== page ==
Mesolithic Human Travelers Brought Snails To Ireland
June 20, 2013

Mesolithic Human Travelers Brought Snails To Ireland

Brett Smith for - Your Universe Online

Previous studies have suggested that the islands of Great Britain and Northern Ireland began to separate from the European mainland around 10,000 years ago, with a massive tsunami completing the process about 8,000 years ago. Any land animals to naturally migrate to the two islands would have to have made the trip before this separation.

With this set of circumstances in mind, scientists have long wondered why Ireland has some plants and animals that are so genetically different compared to those found in Britain. One of these Irish species, a common garden snail, is genetically identical to specimens found near Europe´s Pyrenees Mountains and was likely brought to Ireland by human travelers, according to a new study in the open-access journal PLoS ONE.

Study researchers performed a fossil analysis that showed a continuous record for these snails in Ireland over the past 8,000 years and evidence collected from the Pyrenees region of France showed that the mollusk was a snack thousands of years ago.

The research team also performed a genetic analysis on nearly 900 snails from both regions. They focused on mitochondrial DNA, which is passed directly from mother to child, and genomic segments that are known to vary from species to species.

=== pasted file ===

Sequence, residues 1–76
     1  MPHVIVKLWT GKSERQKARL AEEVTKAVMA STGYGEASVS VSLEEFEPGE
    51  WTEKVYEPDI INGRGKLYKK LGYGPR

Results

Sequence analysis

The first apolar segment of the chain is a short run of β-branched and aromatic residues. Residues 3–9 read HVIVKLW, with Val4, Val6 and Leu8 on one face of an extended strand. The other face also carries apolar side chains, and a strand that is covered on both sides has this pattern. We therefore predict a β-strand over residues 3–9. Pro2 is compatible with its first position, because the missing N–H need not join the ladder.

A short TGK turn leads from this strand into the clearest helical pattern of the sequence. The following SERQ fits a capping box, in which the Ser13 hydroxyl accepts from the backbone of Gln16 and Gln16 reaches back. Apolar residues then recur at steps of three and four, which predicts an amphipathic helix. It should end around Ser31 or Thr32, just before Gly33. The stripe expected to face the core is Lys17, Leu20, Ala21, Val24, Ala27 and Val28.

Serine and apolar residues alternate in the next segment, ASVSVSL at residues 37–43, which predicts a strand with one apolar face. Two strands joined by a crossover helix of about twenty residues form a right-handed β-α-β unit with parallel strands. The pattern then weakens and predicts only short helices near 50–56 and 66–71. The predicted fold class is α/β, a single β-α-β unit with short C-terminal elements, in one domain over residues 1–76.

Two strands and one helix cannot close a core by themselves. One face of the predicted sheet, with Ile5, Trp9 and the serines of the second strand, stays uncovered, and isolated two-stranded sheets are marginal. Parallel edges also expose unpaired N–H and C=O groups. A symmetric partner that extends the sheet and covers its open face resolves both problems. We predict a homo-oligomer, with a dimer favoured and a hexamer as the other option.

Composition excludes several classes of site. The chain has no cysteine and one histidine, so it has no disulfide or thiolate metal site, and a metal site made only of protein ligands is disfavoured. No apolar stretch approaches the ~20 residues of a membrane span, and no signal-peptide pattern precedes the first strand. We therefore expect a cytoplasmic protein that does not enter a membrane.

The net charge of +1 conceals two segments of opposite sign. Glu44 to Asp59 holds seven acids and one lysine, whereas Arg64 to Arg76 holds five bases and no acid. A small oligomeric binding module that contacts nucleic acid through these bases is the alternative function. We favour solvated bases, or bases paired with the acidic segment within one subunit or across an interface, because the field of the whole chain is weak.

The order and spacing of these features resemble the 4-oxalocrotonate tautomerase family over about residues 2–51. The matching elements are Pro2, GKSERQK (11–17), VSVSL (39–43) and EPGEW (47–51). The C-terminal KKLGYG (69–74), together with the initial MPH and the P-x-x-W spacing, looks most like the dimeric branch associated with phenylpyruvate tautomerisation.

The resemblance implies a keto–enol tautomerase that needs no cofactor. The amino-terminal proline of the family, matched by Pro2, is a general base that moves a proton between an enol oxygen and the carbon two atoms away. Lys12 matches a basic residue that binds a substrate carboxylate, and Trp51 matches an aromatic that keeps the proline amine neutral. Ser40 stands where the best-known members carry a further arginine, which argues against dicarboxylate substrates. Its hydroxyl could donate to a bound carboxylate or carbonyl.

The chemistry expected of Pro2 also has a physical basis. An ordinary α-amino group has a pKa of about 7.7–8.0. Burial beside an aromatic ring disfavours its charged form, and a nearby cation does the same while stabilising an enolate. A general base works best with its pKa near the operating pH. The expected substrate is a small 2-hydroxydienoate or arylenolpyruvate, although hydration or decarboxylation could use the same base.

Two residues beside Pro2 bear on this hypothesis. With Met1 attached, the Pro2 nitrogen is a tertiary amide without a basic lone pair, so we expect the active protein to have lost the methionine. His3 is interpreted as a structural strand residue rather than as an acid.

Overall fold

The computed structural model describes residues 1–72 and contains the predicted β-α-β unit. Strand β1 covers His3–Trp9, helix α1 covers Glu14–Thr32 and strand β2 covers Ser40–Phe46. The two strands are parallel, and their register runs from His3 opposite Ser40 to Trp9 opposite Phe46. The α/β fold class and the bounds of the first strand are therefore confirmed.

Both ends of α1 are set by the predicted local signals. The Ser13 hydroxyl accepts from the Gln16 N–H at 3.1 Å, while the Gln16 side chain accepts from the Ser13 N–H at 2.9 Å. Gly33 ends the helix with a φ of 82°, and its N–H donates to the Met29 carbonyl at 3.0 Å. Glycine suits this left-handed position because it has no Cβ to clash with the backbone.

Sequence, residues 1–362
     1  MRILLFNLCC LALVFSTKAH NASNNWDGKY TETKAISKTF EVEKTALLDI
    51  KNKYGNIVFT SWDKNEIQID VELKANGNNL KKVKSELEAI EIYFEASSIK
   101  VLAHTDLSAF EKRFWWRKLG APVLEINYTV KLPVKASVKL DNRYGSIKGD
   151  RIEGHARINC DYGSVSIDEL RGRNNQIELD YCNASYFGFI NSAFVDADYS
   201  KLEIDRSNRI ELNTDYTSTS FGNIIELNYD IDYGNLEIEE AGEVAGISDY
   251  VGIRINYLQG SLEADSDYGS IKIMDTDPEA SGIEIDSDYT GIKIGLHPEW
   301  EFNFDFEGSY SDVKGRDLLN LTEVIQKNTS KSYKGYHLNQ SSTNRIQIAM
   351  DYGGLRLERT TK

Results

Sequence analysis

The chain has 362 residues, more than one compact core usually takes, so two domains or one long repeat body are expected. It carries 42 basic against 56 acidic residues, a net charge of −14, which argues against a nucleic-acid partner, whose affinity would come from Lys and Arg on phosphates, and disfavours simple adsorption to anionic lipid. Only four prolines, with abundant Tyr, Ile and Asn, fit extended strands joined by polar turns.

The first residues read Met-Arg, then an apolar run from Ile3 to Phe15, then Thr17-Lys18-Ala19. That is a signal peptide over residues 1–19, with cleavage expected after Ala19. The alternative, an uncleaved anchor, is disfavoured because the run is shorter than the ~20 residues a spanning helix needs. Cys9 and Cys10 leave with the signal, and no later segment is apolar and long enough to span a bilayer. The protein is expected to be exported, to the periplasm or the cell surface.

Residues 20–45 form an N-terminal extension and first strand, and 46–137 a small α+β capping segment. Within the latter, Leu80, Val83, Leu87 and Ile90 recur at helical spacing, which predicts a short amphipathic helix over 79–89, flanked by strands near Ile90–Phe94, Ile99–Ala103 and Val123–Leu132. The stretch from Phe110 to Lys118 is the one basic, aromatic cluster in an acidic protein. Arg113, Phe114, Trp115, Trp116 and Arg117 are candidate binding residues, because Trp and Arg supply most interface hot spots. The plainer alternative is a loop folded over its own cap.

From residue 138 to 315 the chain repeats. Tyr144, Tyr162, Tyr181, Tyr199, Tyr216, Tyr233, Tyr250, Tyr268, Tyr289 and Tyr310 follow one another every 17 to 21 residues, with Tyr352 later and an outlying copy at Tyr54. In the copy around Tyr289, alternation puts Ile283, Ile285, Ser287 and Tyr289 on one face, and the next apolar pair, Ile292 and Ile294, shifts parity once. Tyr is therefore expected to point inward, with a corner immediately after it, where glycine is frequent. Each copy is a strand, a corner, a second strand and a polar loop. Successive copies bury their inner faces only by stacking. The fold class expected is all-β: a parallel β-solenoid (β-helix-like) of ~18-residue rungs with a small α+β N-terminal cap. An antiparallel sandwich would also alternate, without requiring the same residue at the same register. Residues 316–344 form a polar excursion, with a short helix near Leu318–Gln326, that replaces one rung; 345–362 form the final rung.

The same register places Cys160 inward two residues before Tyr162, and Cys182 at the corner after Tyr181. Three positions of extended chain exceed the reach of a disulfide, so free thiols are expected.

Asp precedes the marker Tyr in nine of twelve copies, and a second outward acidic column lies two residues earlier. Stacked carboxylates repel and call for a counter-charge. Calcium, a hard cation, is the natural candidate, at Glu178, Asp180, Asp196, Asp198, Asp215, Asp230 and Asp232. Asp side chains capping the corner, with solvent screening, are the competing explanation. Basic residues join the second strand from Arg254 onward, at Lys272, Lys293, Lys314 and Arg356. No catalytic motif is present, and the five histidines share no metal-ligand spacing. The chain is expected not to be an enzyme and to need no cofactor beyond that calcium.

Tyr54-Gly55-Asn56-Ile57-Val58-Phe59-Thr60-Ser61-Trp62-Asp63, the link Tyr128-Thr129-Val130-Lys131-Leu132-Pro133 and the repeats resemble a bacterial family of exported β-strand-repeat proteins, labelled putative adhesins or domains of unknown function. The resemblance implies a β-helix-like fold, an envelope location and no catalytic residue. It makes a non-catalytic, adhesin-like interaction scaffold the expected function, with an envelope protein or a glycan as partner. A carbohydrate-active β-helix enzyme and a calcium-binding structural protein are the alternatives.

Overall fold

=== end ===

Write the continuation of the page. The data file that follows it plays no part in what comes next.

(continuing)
The researchers said it was difficult to explain how the genetically identical snails could be present in Ireland and France but not in Great Britain.

"There are records of Mesolithic or Stone Age humans eating snails in the Pyrenees, and perhaps even farming them," said co-author Angus Davison from the University of Nottingham´s School of Biology.

"If the snails naturally colonized Ireland, you would expect to find some of the same genetic type in other areas of Europe, especially Britain,” Davison said. “We just don't find them.”

"The highways of the past were rivers and the ocean - as the river that flanks the Pyrenees was an ancient trade route to the Atlantic,” he continued. “What we're actually seeing might be the long lasting legacy of snails that hitched a ride as humans traveled from the South of France to Ireland 8,000 years ago.”

"The intriguing implication is that the genetics of snails might shed light on a very old human migration event," Davison said.

Dan Bradley from Trinity College Dublin told BBC News that the study reinforced the notion that some species in Ireland are genetically similar to those in southern Europe, yet not found in Britain.

"It's consistent with the idea that almost everything we have in Ireland, that can't swim or fly, was brought here on a boat,” said Bradley, a population geneticist.

Previous genetic research has also shown links between the human population of Ireland and those in Southern Europe.

"The genetic patterns in humans are there, but are much weaker,” Bradley said. “You see it in blood groups, in Y chromosomes and some diseases.”

"In order to really understand migration patterns we need more ancient DNA from different species such as small mammals," he added.